4. Words we are sure, wrongly, are American: gotten, trash, wow. In fact the first two appear in Shakespeare plays, and ‘wow’ is sixteenth century Scottish. The words probably travelled to America with the Pilgrim Fathers, got forgotten in the UK, and then travelled back to the old country in the twentieth century.

5. Words that appear both sides of the Atlantic, but mean something different: baby (UK – girlfriend/ darling), pants (UK – underpants), pavement (UK – where the pedestrians go, not the cars).

6. Words that mean the same, but are spelt differently: color, honor, program. It is commonly understood that Webster (of dictionary fame) pioneered this form of spelling as he wanted to standardise written American, and thought he’d simplify it whilst he was at it. True, but a lot of such words started out in English minus the ‘u’ etc. centuries ago, and just got embellished over time.

imagesThe Oxford English Dictionary lists 26.000 Americanisms in English. These, along with all the words we’ve adopted from the Greeks and Romans, India and beyond, just add to the richness of the language (and the confusion of foreigners and natives alike).

If you have enjoyed this blog, and would like to read more of my work, go to one of my Amazon author pages. Watch out for my collection of short, Shakespeare themed, stories due out shortly.

http://www.amazon.co.uk/-/e/B00RVO1BHO

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Where has your ‘taxi’ come from?

The word, taxi, is commonly regarded as an abbreviation of taxicab. Various dictionaries will explain that the word derives from the Latin word, taxa, meaning charge, Taxi germanassessment or tax; and taxare, meaning to assess or to tax.  Fast forward to the nineteenth century, when a German entrepreneur named Friedrich Bruhn and associates invented a device, originally referred to as a ‘taxameter,’ that could be put into cabs to monitor various aspects of any journey undertaken, including tracking cost.

It wasn’t long before ‘taximeters’ were being fitted into cabs used commercially. Originally these were horse drawn cabs, but the device was proving popular, and the idea was transferred to the new-fangled motorised taxicabs. These soon became known as taxis. Which all sounds very rational, and a good illustration of how useful words get adopted, adapted, and abbreviated.

But Robert Winston, in his book about how some of our creative ideas for improving lifeTaxi Italian don’t always work out as planned (Bad Ideas?), puts forward another suggestion and gives the credit to Italy. According to him, there was a Lombard family called Tassis. In around 1450, Ruggiero de Tassis, devised a courier system between Bergamo and Verona. This proved very successful and, throughout the rest of the fifteenth century and into the sixteenth century, his descendants expanded the system across large chunks of Europe. It was, in Winston’s version, a small step from ‘tassis’ to ‘taxi.’ And taxis, as you know, whilst we usually associate them with taking people from A to B, are still sometimes used to ferry goods about

TaxiSo, when you hail a taxi in Thailand, England, America, France, Spain, Italy, Germany wherever …, climb in and watch the meter ticking over as you speed (or crawl) towards your destination, should you be mindful of the German inventiveness that is monitoring what you will owe at the end of your journey? Or the Italian development of a convenient means of transport, tailored to the individual customer’s needs?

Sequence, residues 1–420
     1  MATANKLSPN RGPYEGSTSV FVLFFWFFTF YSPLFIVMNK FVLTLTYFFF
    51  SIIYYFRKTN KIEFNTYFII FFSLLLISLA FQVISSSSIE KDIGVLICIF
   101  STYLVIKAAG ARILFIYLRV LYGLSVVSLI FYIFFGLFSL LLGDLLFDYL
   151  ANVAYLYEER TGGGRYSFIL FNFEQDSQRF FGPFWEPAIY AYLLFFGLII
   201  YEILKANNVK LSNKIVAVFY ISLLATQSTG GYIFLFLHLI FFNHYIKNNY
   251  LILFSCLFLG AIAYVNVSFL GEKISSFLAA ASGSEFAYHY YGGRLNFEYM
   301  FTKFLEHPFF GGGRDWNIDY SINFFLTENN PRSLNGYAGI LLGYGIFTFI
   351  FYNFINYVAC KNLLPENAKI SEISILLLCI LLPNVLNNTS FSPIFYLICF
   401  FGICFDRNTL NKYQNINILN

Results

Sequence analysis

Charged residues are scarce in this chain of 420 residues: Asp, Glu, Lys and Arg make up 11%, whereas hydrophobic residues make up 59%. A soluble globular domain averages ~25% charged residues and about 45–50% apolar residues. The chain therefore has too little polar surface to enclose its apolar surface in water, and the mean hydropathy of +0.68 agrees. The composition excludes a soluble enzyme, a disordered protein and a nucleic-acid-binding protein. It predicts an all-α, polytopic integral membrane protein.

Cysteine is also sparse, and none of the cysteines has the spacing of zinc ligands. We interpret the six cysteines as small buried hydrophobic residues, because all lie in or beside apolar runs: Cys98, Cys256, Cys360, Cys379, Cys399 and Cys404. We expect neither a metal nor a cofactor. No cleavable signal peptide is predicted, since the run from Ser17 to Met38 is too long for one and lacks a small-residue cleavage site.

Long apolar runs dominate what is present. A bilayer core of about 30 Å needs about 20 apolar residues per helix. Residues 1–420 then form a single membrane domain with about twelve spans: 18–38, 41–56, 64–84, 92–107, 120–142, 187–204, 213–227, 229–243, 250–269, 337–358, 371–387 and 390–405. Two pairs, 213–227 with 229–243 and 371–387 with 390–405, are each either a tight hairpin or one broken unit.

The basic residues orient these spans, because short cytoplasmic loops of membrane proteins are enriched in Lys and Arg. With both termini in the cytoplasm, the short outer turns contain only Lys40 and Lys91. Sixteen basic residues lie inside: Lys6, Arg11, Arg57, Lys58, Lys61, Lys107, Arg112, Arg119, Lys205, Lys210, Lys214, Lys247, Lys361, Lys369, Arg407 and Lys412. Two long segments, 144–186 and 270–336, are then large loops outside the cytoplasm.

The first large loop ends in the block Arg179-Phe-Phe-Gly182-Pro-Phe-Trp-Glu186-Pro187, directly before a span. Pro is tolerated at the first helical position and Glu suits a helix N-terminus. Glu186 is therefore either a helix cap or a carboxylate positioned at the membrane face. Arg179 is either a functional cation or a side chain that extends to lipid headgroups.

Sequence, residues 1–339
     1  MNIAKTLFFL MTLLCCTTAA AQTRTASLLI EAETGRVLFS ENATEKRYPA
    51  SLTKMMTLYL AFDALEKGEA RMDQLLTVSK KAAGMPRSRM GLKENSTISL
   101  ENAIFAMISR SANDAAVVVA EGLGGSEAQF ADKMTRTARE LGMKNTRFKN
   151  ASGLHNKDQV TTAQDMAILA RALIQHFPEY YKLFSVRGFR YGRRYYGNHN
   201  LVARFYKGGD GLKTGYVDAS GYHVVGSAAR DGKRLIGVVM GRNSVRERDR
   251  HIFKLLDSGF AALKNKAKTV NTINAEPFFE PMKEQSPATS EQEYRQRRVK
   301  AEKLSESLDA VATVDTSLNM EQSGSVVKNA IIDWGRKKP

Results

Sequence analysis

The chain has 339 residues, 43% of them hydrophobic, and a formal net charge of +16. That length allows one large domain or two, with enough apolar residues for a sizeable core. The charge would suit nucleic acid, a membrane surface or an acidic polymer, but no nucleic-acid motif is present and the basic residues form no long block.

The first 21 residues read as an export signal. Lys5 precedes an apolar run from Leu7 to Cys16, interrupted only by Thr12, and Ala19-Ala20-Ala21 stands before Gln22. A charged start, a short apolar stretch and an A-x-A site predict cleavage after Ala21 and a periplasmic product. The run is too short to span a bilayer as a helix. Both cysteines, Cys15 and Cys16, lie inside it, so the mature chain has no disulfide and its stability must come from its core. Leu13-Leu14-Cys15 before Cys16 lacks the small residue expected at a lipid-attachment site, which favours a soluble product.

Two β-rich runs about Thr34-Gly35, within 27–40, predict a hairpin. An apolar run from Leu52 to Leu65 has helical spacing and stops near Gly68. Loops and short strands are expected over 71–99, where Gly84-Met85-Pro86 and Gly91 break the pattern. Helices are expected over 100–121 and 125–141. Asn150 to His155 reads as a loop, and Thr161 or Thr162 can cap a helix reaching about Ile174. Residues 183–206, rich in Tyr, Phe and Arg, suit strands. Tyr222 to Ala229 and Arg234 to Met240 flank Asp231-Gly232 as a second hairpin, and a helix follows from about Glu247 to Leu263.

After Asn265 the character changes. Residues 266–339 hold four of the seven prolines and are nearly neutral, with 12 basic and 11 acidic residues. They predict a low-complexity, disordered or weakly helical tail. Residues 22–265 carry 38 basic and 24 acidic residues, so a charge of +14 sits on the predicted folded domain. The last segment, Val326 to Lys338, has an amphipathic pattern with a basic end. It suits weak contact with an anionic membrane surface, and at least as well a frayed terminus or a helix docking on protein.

If you have enjoyed this blog, and would like to read one of my novels or short stories, please go to my Amazon Author page:

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http://www.solsticepublishing.com

 

Time to slay your shibboleths?

Do you have any shibboleths it might be wise to get rid of?

A shibboleth is a long-standing belief or principle that all your friends and family would regard as wrong, out-dated, or no longer important. Like BBC news readers having to read any news bulletin after 8pm wearing a dinner jacket – on the radio! This practice has long gone, and even wearing a tie on TV has started to look a bit old fashioned.

Shibboleths abound in English grammar, although many are falling by the wayside. Who now worries about the split infinitive in ‘to boldly go…’? And who writes letters to the newspapers (or bloggers) if they spot a sentence starting with an ‘and’ or a ‘but’?

Shibboleth can also mean a phrase or use of language that distinguishes one group of people from another. In fact it first came into use in the English language to mean a word that a foreigner finds difficult to pronounce, such as ‘naphthalene’ (the stuff that goes into mothballs), or the French word for you, ‘tu,’ which flummoxes most non-native French speakers

cornLike many words in the English language it is foreign in origin, being Hebrew for an ear of corn. According to the Book of Judges in the Old Testament, when the Ephraimites were beaten in battle by the Gileadites, the Gileadites set up blockades by the river to stop their defeated enemies escaping. (Judges X11, 6)

Members of the two tribes looked similar and Israel tribethe only way to tell them apart was to get anyone crossing the river to say ‘shibboleth.’ Apparently no Ephraimite was able to make the ‘sh’ sound, so was promptly put to death.

To me, the link between the meaning for shibboleth in Hebrew, and its original meaning in English is obvious. But if anyone can tell me how it came to mean an out-dated belief, please get in touch!

If you have enjoyed reading this blog, and would like to read more of my work*, please try the links below:

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*April 23rd being Shakespeare’s birthday (and the anniversary of his death), you may like to try one of my Shakespeare themed short stories:  A Midsummer Day’s Dream, Journey to the Fair Mountain, Chains of Magic, The Ghost Queen. All published by http://www.solsticepublishing.com, and available on Amazon Books for about £1/ $1.